posters contact advertise cover archive subscribe


Finer Than Frog Hair | by Wichita Sims

The dating advice I’m going to give you is simple. Don’t date your accountant. You may covet the way his nimble fingers clack the calculator keys, and you could kiss his face when he says, “The federal government owes you $2,317,” but the sad truth is there are only three conceivable endings to what you are contemplating:
1. You hook up and live happily ever after. Unlikely.
2. He breaks up with you, in which case you don’t trust him to do your taxes correctly thereafter. Likely.
3. You break up with him. You don’t trust him to do your taxes or anything else. Probable.

My mother. She liked these sayings:
1. Hindsight is 20-20.
2. You must be going for a degree in the school of hard knocks.

You go out with him anyway. It starts as a flirtation between your federal and state returns. He has questions. His voice sounds cute on the phone. You go to dinner, and dinner is good. Accountants, in button-down shirts, thrive on dark nights in fancy restaurants. They talk and laugh and wave their gold alma mater rings over the fine Bordeaux. You both drink too much and end up at your place.

After dinner is what they’re not good at. There’s no calculator to prop them up. In the morning light, they are too thin and their fingers are too narrow. They drink coffee for breakfast and leave. When they call, they sound strange on the phone.

“I had a nice time,” he says. “How ’bout you?”

You pause too long, and then answer, “The shrimp were fresh,” cementing the feeling everything past dinner wasn’t good, and wasn’t good for anyone. You remind yourself he’s an accountant, accustomed to making nice with the federal government.

“How about golf at the club?” he tries, but you don’t play golf so you both compromise on a driving range.

The driving range pledges hope with its sunlight, open field, flailing golf clubs, and flying balls. You see The Face from high school.

“Hey, Face,” you yell.

“Hey, Chicken Wing,” he yells back.

The accountant drives his ball past the 300-yard marker. “It’s not my real name,” you explain, as if he might fill in “Chicken Wing” on your next return. A dilapidated picker truck scurries around the range, collecting loose balls. You and the Face start trying to hit it. You miss by a mile, but The Face nails the vehicle’s passenger side door, leaving a pockmark, like a tiny crater on the moon.

“You’ll get us kicked out,” the accountant says.

“Right on,” The Face says.

The accountant deals with complicated rules and regulations from government bodies. There will be no kicking of his ass to the curb by the senior citizen in a porkpie hat who claims to manage the driving range, but mostly sells buckets of balls from the caddy shack. The accountant decides it’s time to leave. You poke The Face with your loaner driver as you walk by.

The Face’s saying from high school: “That’s a pot calling the kettle black.”

The accountant will not call you back. You worry about your state return and the fact you have slipped from ending one to ending two. To prevent further slippage, you have to call him.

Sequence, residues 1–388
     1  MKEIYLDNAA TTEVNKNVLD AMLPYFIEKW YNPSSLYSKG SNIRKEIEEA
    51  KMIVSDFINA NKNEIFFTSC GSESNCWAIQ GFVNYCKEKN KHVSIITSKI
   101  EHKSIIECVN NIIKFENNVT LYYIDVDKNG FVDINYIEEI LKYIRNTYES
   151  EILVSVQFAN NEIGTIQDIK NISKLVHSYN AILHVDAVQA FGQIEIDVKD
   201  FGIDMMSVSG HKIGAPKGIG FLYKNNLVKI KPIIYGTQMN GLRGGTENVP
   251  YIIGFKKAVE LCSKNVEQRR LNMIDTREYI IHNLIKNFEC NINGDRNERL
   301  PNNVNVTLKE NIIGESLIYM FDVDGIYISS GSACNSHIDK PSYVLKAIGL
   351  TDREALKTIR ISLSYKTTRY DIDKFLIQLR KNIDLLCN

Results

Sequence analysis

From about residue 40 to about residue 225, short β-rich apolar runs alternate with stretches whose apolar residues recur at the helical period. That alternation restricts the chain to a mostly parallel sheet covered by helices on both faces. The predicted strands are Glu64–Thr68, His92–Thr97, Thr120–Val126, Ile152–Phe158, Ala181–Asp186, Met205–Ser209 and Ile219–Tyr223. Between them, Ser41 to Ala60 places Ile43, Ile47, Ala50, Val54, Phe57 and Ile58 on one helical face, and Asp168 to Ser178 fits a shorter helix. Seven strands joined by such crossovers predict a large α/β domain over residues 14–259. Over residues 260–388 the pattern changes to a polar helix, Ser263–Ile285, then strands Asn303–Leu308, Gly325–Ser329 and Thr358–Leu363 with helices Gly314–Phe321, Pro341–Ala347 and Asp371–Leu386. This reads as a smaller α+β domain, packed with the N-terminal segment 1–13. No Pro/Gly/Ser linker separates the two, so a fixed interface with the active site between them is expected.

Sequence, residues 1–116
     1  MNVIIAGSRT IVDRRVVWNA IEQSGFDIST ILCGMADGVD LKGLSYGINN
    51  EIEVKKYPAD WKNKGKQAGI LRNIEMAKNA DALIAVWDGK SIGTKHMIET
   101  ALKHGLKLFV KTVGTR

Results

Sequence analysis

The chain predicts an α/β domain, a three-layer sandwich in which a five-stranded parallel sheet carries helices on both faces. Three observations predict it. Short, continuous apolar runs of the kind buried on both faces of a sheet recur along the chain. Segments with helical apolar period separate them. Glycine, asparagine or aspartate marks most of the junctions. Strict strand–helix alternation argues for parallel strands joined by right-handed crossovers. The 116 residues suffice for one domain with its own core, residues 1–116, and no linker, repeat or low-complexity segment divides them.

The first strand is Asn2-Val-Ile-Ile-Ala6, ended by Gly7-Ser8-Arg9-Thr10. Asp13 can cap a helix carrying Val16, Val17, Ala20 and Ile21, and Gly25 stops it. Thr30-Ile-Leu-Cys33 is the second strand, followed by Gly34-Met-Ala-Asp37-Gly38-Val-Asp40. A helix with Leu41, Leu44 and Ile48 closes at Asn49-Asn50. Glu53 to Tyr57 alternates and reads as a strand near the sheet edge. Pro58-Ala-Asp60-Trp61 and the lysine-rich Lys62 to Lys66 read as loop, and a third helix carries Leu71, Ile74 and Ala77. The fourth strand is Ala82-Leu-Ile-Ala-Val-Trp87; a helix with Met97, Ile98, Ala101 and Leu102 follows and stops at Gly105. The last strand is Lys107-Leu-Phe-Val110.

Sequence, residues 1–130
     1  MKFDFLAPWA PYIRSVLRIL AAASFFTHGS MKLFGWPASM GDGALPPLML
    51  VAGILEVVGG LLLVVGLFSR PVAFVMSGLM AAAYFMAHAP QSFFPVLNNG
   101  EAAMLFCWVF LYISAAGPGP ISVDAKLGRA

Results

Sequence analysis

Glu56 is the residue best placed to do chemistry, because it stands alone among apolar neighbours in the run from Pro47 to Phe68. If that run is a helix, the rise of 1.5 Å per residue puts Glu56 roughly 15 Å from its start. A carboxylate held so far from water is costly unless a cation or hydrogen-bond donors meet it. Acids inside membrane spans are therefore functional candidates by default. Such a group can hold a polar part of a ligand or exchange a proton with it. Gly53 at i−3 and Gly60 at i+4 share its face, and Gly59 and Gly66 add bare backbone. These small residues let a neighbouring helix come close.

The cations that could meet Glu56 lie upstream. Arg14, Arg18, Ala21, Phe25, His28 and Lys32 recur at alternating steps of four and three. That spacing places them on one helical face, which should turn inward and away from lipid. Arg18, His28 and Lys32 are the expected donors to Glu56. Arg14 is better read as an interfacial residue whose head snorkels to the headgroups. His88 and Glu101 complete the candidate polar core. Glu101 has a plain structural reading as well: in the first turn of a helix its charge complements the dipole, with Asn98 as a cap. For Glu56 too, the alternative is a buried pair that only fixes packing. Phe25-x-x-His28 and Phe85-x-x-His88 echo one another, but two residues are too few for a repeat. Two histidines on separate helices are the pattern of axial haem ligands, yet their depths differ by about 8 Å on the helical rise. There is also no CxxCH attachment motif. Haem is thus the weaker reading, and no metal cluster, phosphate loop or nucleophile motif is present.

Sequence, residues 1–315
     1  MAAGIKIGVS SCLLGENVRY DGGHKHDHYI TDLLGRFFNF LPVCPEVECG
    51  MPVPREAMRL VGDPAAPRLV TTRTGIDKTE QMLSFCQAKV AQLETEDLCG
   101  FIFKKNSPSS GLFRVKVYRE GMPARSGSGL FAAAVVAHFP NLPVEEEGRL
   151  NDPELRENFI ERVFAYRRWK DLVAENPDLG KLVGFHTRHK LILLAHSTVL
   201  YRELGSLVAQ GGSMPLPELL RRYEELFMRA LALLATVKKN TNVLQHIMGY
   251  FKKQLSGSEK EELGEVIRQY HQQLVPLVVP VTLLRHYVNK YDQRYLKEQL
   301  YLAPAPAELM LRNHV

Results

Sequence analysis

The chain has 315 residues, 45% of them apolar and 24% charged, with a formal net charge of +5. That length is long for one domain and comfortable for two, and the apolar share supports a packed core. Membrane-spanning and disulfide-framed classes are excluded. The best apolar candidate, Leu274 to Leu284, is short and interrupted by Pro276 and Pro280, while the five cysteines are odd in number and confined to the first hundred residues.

“I was wondering . . .” you stammer, but can’t bring yourself to mention what you really called about. Instead you ask, “How ’bout some ice cream?”

The accountant pauses. You hear him shuffling papers. “Okay,” he says, with just enough encouragement in his voice that you ask, “My return, is it ready?” The accountant shuffles more papers, puts you on hold, but in the end, promises nothing.

You meet at Roy’s Ice Cream Shoppe in the strip mall by the Mega Mart. You get chocolate mint; he orders something complicated called chunky monkey road rock. The ice cream is cold and tasty. He smiles. You smile, too, until you notice he’s chewing too vigorously on his road rocks. His face screws up and he pulls a wad from his mouth. “What’s this?” he says.

You look at it. “Your gum,” you say.

“I wasn’t chewing any,” he says.

The accountant takes the twice-chewed gum and the decapitated ice cream cone to the high school girl at the counter wearing the pink-and-white striped hat.

“Is this yours?” he shouts, pointing at her with his gum-covered index finger.

She neither confirms nor denies. Instead, she stares.

Uncle Mort, visiting from Little Rock: “Cat’s got your tongue.”

The accountant slings the used gum and the chewed cone on the clear plastic counter top. You put $2 in the tip jar as he charges out the door. He sits in his BMW, engine running, window down.

My father. He practiced these sayings:
1. Bless your little pea-picking heart.
2. Blind in one eye and can’t see out of the other.

“This isn’t exactly working,” you say. The accountant stuffs your completed tax returns out his open car window. You grab them. He reverses out of the parking spot so quickly he accidentally rams an empty grocery cart, and sends it skittering across the asphalt. You have slipped into ending three. Next year, you’ll have to find another accountant. You think maybe you should look now. After all, no telling what this accountant did this year.

Your favorite sayings:
1. “Do as I say, not as I do.”
2. “He’s finer than frog hair.”

——————————————
Wichita Sims is the pseudonym of a writer living in Oakland. She developed her simple dating advice only after she dated, married, and divorced her accountant.

 

A Wedding Sampler | by Judy Bebelaar

A Different Light | by Cynthia Overbeck Bix

Taste Summer | by Joyce Thompson

The Water’s Fine | by Rachel Trachten

Finer Than Frog Hair | by Wichita Sims

Coloring in the Details | by Joanne Catz Hartman

Flavor of the Moment | by Nancy McKay

 

Illustration by Susan Sanford.

 

..